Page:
Driving down Interstate 81, and seeing companies like Utility Trailer in Marion, VA, Strongwell in Bristol, Eastman in Kingsport, Mullican Flooring in Johnson City, and John Deere in Greeneville, the evidence is clear that our workforce can deliver the world’s leading products and services.
The same is true for health care. Ballad Health offers services that are ranked objectively among the best in America. Cardiovascular, orthopedics, stroke, pulmonary – you name it – our services have outcomes that are among the in the nation. And with the Veteran’s Administration, and the incredible independent physicians we work with, Sullivan and Washington Counties are ranked in the top 5 in Tennessee for healthcare services.
What about our institutions of higher education? ETSU boasts one of Tennessee’s most robust health science centers, with an outstanding college of public health, a medical school ranked among the best in the nation for physician placement in rural communities and the state’s largest college of nursing, providing a massive supply of nurses that has helped shield us from a looming national shortage. Emory & Henry and Milligan have strong new physician assistant programs, and they partner with us in several allied health programs. Northeast State and Virginia Highlands are community colleges with robust nursing and medical technician programs in addition to Northeast State’s Regional Center for Advanced Manufacturing.
Even with all of this capacity, one opportunity we now have before us is our health research capability. One measure of research activity is grants from the National Institutes for Health – the world’s most competitive health research funding source. A look at NIH data shows that our congressional district has 27 active grants (mostly through ETSU and the VA), and Southwest Virginia has 111 active grants (mostly through Virginia Tech). Compare this to 1,063 active NIH grants in the Nashville area. While we are rightly proud of the research capacity in Nashville, this data does point to growth opportunity for our region.
Can we actually compete at the same level as Nashville? I say, why not? When the now-famous Research Triangle Park (RTP) of North Carolina was formed in the late 1950s, per-capita income in Raleigh, Cary, and Durham was far below the state and national averages. Although universities were initially skeptical of the idea, persistent visionaries – many from the business community – pushed the idea forward, and by 2000 it was home to more than 150 companies with 45,000 employees. Today, the RTP region’s per-capita income greatly exceeds the North Carolina average and is significantly above the U.S. national average.
What does the Research Triangle have in common with other successful efforts? According to the National Research Council’s Committee on Competing in the 21st Century, these are the keys:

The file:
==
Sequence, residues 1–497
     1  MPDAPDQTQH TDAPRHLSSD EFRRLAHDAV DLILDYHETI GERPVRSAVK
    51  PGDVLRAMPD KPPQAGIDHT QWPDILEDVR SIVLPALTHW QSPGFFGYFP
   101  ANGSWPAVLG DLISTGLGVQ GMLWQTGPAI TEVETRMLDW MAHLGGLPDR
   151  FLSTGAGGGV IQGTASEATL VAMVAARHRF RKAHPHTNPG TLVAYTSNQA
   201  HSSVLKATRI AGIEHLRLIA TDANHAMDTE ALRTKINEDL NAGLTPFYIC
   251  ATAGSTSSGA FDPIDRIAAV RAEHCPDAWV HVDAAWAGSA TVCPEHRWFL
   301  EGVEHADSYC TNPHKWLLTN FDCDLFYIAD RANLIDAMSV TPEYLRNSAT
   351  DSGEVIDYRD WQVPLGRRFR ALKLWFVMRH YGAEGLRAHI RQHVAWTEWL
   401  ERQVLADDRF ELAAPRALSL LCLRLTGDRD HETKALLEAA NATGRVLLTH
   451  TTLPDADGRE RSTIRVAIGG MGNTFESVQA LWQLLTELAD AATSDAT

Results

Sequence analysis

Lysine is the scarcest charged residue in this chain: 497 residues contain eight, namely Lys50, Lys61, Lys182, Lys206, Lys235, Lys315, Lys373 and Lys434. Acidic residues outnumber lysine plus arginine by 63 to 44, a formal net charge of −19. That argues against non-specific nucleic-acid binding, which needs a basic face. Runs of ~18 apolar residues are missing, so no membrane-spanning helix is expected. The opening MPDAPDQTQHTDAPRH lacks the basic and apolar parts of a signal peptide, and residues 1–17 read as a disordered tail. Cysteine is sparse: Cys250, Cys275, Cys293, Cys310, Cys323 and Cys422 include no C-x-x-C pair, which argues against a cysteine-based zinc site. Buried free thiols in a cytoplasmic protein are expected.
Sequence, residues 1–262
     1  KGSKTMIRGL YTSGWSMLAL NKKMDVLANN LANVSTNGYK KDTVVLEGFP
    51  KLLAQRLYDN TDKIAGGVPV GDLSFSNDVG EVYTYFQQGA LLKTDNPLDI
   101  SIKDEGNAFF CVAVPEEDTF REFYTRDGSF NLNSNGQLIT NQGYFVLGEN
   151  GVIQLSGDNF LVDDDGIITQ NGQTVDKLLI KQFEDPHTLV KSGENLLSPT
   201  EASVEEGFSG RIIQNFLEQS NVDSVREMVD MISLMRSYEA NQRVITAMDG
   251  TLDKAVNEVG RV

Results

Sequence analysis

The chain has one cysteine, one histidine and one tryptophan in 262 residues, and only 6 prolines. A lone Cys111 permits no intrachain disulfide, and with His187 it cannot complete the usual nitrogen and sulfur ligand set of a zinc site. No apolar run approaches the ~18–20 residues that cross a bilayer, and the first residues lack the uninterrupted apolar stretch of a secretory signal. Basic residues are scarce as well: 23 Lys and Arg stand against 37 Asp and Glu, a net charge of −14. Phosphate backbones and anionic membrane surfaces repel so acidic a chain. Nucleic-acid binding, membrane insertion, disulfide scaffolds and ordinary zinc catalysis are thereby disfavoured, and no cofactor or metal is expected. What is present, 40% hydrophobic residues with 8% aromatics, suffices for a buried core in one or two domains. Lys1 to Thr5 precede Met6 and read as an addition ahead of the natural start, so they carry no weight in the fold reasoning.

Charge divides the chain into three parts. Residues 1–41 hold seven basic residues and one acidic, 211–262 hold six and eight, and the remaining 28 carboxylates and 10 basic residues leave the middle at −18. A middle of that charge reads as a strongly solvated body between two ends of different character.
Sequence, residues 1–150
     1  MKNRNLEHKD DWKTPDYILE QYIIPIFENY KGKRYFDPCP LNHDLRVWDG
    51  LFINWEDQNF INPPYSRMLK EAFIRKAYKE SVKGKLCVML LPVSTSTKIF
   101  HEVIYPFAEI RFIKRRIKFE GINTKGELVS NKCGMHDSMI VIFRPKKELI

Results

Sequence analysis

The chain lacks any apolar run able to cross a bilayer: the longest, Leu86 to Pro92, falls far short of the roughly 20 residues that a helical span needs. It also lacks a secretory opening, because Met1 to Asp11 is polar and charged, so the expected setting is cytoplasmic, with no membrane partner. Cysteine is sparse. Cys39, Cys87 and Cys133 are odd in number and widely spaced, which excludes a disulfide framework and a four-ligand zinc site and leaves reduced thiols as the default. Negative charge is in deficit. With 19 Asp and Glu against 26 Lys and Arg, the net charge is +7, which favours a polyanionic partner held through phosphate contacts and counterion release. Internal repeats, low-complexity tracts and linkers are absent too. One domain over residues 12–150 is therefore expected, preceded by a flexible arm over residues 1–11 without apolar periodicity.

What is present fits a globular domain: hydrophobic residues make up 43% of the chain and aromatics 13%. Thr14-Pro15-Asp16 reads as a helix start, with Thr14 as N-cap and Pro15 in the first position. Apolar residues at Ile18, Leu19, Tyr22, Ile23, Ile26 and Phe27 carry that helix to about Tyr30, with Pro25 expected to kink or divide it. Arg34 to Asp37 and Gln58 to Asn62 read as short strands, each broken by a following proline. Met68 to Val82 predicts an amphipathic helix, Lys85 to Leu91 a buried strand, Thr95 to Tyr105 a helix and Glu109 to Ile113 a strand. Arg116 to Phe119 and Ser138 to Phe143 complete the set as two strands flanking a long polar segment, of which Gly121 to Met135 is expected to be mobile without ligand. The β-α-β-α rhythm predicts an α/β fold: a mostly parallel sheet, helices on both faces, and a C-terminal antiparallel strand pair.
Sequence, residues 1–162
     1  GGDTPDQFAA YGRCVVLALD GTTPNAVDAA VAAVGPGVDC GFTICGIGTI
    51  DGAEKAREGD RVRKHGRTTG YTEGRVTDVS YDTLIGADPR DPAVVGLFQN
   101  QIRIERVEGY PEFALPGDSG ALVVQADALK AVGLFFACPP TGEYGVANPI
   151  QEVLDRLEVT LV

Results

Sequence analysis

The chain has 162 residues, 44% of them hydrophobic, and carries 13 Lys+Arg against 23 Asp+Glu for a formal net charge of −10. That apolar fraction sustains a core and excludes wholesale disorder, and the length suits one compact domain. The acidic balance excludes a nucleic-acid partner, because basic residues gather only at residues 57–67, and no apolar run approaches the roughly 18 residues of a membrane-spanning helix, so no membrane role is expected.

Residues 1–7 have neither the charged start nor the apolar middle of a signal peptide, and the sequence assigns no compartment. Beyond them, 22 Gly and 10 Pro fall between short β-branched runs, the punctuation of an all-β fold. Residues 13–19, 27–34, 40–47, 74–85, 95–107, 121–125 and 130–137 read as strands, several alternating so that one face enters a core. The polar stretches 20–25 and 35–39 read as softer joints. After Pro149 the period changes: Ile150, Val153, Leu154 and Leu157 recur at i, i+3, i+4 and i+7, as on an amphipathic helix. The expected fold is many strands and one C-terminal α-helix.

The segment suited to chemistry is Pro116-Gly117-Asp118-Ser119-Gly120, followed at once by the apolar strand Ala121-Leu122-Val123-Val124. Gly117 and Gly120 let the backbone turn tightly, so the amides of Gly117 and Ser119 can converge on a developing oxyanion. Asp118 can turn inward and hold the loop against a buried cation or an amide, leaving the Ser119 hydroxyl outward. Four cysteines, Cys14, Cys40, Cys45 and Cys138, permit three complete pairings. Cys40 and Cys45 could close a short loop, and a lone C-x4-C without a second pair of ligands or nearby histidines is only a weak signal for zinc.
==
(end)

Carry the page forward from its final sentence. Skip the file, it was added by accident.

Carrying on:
• Leadership by the public and private sectors;
• Sustained investment of state and local public funds to build research infrastructure;
• Sustained support by states for universities and community colleges; and
• Public-private partnerships to further develop the necessary workforce, support research facilities and agendas, help develop new ideas, and support bringing new products and services to the market.
Ballad Health intends to help lead a similar effort in our region by investing at least 85 million new dollars over the next decade to expand our research and academic infrastructure. We believe by working together to build on four or five of our current regional strengths, we too can attract additional investment from outside the region. Already, many of our physicians lead the nation in clinical trials and privately funded research.
Linking these efforts will be compelling as we compete for research opportunity, particularly as we invest in a common health information technology platform. This platform will unify our data, and make us an attractive partner for the institutions that fund and participate in research.
The key to success is collaboration. We can expect others to want to work with and invest in us only if they see we can work with and invest in each other. To that end, Ballad and ETSU are now organizing to better align our patient care, education and research activities. We recently held the first meeting of a consortium of universities and colleges across the region interested in working together to make Northeast Tennessee and Southwest Virginia more competitive nationally in health research and academics. And by the start of next year, we will submit to the states our plan for research and academics. This partnership is exciting to us.
Regionalizing our growth has promising opportunity. It means setting aside parochial boundaries that divide us and taking advantage of what makes us all thrive as a region.
Someone asked me if I could guarantee the success of all these initiatives. The answer, of course, is no. But it is also true that, using a basketball analogy, “You miss 100% of the shots you don’t take.” So, while there is no guarantee of success, there is essentially a guarantee of failure if we don’t decide to become more competitive with the other regions of the state and country that have more aggressively sought the growth we all need in order to thrive.
Our region’s children and grandchildren should have the opportunity to raise their children here. A seemingly good way to provide that opportunity is to compete unapologetically for new growth, create jobs, and invest in our workforce. And if that is the game, we are definitely playing.
Alan Levine is the executive chairman, president and chief executive officer of Ballad Health.